Photo: Partha Dey.
Wildlife Service Award
A wildlife biologist by training and a conservationist at heart, Tiasa Adhya’s persistent efforts to highlight the plight of the fishing cat and address problems of habitat destruction, conflict and retaliatory killings in West Bengal are truly commendable.
Though so-called charismatic megafauna have captivated humans, their smaller, less charismatic but no less important counterparts remain largely unknown to common people. Tiasa realised that her goal in life is to contribute to the conservation movement through conducting wildlife research, writing, and proactive threat-reduction programmes. Being a wildlife biologist by training and a conservationist at heart, her constant endeavour has been to fill the gap between theoretical knowledge and conservation practice.
Tiasa has achieved this by conducting sound research and by implementing science-based conservation efforts by involving common people from many walks of life.
Her goal is to take a conscious ethical stand for conservation of the only tropical wetland felid in South Asia – the fishing cat.
Since the inception of The Fishing Cat Project in 2010 by Tiasa and her partner Partha Dey, she has studied the ecology of the species and used what she has learned to create conservation efforts. Tiasa’s study provided the first quantitative evidence of the fishing cat’s strong affinity to marshland-waterbody complexes and this helped in the identification of three main occupation zones in southern West Bengal for the fishing cat. One of these zones is threatened by industry, while the other is relatively safe because of local people’s practice of cultivating marsh vegetation and culturing fish.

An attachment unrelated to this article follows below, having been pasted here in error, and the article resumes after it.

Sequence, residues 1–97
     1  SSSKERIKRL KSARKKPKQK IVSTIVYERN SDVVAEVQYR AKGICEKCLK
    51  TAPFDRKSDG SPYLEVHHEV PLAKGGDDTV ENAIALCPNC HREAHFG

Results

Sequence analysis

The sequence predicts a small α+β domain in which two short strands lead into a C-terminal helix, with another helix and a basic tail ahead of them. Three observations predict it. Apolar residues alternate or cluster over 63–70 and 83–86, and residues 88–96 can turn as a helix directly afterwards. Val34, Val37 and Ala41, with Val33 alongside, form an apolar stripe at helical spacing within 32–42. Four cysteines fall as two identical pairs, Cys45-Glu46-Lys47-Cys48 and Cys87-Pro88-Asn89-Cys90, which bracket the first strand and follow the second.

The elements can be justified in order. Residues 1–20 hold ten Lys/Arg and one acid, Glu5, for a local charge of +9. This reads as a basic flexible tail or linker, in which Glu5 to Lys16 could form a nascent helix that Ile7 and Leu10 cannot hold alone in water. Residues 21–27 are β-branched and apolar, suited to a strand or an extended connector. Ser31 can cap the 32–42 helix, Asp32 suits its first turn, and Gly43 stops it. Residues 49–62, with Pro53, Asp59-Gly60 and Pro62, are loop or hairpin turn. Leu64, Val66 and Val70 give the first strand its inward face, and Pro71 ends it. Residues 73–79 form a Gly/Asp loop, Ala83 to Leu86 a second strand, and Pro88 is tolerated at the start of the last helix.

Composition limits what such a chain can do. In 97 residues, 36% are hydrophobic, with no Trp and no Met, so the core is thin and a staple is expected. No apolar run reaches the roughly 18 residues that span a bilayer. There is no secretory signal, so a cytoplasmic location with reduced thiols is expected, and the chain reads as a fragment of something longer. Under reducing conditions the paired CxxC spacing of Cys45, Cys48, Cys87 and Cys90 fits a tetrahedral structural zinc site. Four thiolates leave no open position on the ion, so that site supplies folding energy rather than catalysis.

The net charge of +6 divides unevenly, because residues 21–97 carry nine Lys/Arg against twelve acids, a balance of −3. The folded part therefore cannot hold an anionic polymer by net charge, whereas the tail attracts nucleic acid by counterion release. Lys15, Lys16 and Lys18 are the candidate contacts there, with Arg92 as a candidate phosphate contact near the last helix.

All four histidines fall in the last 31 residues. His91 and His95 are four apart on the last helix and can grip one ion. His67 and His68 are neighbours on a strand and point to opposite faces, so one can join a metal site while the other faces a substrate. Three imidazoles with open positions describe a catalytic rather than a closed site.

Her efforts have helped litigation cases to safeguard marshlands and increased awareness. In places co-inhabited by fishing cats and people, the main threats come from retaliatory killing and poaching. Her campaign sent five fishing cat poachers to jail and set an exemplary precedent. She has also raised tolerance for fishing cats by creating a cultural value for them. As a result four Gram Panchayats have submitted a proposal to the State Biodiversity Board to gain recognition as a Biodiversity Heritage Site.
Tiasa’s study has shown that fishing cats can prevent rat-borne diseases from spreading locally and be a friend to farmers by preventing rat-induced crop losses. She has collaborated with three tiers of the governance structure in the Howrah district to make fishing cat conservation a matter of concern amongst policy makers and locals. In response, the Howrah Zilla Parishad declared their support for fishing cat conservation through the formation of Fishing Cat Protection Committees to raise awareness about the state animal’s plight. In 2011, Tiasa became a member of the Fishing Cat Working Group, an international body of fishing cat researchers, conservationists, activists, and enthusiasts. She was part of the first International Fishing Cat Symposium in 2015 in which she was engaged in developing a conservation strategy for the species across its geographic range. She believes that the masses are detached from ecology and seeks to use different mediums to bridge this gap. While she loves writing, her team is presently engaged in creating a docu-feature film on the problems for the fishing cat in West Bengal.
– By Dr. Jim Sanderson, Founder, Small Cat Conservation Alliance
First published in: Sanctuary Asia, Vol. XXXVI No. 12, December 2016.